# How to calculate the Eliashberg spectral function in VASP?

I want to calculate a superconducting critical temperature.

I see in papers like this one: link that they calculate $$T_c$$ in Quantum Espresso. They use the formula (Eq. 2 in that paper): $$T_c=\frac{\omega_{ln}}{1.2}\exp\left(-\frac{1.04(1+\lambda)}{\lambda-\mu^{*}(1+0.62\lambda)}\right)$$

From this and this papers, I get that

$$\lambda=2\int\limits_0^\infty\,d\omega\,\alpha^2F(\omega)/\omega$$ $$\omega_{ln}=\frac{2}{\lambda}\int\limits_0^\infty\,d\omega\,\alpha^2F(\omega)$$ $$\frac{1}{\mu^{*}}=\frac{1}{\mu}+\ln\left(\frac{\omega_{el}}{\omega_{ph}}\right)$$ $$\mu=N(0)|V_c|$$ where $$N(0)$$ is the electronic density of states at the Fermi surface, and I don't quite understand which value should I take for $$V_c$$. Also, $$\omega_{el}$$ is a plasma frequency or a high-frequency peak in $$Im[1/\epsilon(\omega)]$$, where $$\epsilon(\omega)$$ is the dielectric function, and $$\omega_{ph}$$ is the high-frequency cutoff in the Eliashberg spectral function $$\alpha^2F(\omega)$$.

How to calculate this in VASP? Namely, how to calculate the Eliashberg spectral function $$\alpha^2F(\omega)$$ as other quantities are calculated from it?

Are there any tutorials or papers where these calculations are done in VASP?

• We try to limit posts here to just one question. This can encourage answerers who could otherwise only address one of multiple questions asked. It also makes things more than easily searchable in the future if each post corresponds to a single question.
– Tyberius
Commented Jul 19, 2023 at 12:34
• @Tyberius Edited. Restricted my question to the Eliashberg spectral function as it is the most important step Commented Jul 19, 2023 at 12:47

Calculating the Eliashberg spectral function α^2F(ω) in VASP requires some post-processing steps as VASP itself does not provide direct tools for this specific analysis. The Eliashberg spectral function is typically obtained from electron-phonon coupling calculations, which are not directly supported by VASP.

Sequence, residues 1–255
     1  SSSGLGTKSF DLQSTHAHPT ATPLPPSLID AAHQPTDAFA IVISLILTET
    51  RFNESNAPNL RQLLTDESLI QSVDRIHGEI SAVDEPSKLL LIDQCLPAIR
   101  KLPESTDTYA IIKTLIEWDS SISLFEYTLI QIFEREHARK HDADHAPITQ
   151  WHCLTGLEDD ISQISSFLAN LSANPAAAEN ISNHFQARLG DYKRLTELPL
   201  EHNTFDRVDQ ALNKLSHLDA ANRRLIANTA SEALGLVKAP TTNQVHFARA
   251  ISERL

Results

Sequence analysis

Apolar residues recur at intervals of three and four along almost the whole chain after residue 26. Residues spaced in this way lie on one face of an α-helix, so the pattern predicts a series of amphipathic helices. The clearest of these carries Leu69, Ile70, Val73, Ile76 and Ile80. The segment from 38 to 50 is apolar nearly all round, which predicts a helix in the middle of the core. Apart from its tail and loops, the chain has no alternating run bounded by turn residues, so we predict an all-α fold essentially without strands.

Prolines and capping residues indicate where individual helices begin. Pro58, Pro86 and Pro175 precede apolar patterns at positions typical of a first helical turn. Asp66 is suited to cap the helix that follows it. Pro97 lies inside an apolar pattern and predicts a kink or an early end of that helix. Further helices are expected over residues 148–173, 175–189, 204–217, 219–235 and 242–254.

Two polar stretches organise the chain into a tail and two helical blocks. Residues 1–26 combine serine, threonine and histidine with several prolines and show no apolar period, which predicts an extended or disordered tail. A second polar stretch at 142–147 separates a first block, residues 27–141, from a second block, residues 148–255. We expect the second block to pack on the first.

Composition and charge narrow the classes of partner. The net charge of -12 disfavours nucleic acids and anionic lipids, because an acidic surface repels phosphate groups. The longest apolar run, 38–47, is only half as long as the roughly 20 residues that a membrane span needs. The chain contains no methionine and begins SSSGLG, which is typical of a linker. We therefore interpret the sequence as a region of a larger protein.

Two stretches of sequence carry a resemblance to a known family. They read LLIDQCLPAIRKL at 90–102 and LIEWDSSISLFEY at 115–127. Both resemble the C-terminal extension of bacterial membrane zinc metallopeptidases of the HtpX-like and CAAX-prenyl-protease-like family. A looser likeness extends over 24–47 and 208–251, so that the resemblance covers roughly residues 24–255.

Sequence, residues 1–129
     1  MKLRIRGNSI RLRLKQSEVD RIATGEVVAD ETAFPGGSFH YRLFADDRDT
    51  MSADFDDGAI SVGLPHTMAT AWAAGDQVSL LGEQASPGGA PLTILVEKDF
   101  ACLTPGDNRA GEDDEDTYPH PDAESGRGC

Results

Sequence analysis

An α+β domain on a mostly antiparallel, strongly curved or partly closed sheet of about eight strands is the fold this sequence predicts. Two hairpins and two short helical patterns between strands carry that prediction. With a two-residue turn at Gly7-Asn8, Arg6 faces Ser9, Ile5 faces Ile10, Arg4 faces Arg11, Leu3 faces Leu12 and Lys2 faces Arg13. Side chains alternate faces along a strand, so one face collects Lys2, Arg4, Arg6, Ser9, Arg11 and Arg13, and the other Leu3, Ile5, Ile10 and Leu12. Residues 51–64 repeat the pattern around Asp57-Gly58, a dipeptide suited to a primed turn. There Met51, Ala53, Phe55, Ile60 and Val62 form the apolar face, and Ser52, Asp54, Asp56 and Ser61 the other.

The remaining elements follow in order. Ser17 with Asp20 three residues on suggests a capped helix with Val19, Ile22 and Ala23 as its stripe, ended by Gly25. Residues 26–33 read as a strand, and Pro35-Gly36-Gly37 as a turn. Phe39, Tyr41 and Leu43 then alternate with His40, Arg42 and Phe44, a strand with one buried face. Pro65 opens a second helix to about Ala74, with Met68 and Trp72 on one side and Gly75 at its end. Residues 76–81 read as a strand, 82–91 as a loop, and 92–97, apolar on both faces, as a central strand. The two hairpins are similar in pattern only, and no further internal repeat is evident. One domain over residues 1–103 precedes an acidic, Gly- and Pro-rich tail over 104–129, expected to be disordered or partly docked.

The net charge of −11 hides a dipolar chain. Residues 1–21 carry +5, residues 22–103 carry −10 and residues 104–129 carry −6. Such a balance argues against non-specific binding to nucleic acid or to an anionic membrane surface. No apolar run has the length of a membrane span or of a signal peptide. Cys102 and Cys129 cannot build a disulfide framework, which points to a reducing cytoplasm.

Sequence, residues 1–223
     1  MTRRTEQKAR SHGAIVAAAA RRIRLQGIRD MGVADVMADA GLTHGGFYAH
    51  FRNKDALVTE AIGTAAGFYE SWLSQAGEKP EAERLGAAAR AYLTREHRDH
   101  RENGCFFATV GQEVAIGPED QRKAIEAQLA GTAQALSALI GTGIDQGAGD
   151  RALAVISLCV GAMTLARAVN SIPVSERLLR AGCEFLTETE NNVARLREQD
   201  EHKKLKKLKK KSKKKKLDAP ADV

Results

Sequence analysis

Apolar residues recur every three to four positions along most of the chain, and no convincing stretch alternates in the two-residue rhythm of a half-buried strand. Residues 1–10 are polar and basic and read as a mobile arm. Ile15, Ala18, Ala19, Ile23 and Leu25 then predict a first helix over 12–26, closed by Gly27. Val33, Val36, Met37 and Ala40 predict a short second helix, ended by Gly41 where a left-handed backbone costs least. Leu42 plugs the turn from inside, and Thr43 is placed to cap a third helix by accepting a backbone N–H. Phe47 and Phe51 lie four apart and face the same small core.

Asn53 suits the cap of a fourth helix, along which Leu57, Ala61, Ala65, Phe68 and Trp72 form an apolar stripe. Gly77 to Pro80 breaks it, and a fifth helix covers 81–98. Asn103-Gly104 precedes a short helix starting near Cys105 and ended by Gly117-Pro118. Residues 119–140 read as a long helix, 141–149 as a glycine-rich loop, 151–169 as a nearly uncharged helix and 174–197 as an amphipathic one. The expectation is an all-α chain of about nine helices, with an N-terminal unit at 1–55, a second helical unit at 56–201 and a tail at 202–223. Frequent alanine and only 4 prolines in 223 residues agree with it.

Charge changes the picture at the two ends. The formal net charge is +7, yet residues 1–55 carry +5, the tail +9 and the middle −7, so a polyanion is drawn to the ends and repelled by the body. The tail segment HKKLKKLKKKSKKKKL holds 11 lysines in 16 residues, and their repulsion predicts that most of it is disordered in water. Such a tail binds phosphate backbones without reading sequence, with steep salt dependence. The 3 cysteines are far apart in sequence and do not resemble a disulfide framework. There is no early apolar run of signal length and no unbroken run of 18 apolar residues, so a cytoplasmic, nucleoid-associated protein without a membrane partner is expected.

To calculate α^2F(ω) in VASP, you would need to perform the following steps:

Perform Electron-Phonon (e-ph) coupling calculation: Start by performing an electron-phonon coupling calculation using a separate software package that supports this analysis. For example, Quantum ESPRESSO, ABINIT, or similar packages are commonly used for such calculations. In this step, you calculate the electron-phonon coupling matrix elements and phonon frequencies.

Extract relevant data: Extract the electron-phonon coupling matrix elements (g_kq), phonon frequencies (ω_q), and the electronic band structure from your e-ph calculation. The electron-phonon coupling matrix elements are responsible for the interaction between electrons and phonons.

Determine the Eliashberg function: The Eliashberg spectral function α^2F(ω) can be calculated using the following formula:

α^2F(ω) = ∑_q ∑_k |g_kq|^2 δ(ω - ω_q)

Where:

∑_q: Sum over phonon wave vectors in the Brillouin zone.

∑_k: Sum over electronic states in the Brillouin zone.

g_kq: Electron-phonon coupling matrix element between electronic state k and phonon mode q.

ω_q: Phonon frequency of mode q.

δ(ω - ω_q): Delta function that takes into account the energy conservation.

Perform the sum: Implement the summation over phonon wave vectors (q) and electronic states (k) numerically in your preferred programming language or analysis tool.

Visualize the Eliashberg spectral function: Once you have computed the Eliashberg spectral function α^2F(ω), you can visualize it using plotting tools like Gnuplot, Matplotlib, or any other suitable visualization software.

Remember that calculating the Eliashberg spectral function involves advanced computations and might require some familiarity with electronic structure theory and condensed matter physics. Make sure to follow the proper theoretical background and understand the underlying concepts before proceeding with the calculations. Additionally, the exact procedure might vary depending on the specific software packages and approaches you are using for electron-phonon coupling calculations.

[Collected and summarized]

• What does the [Collected and summarized] mean at the bottom of your answer?
– Tyberius
Commented Jul 20, 2023 at 3:30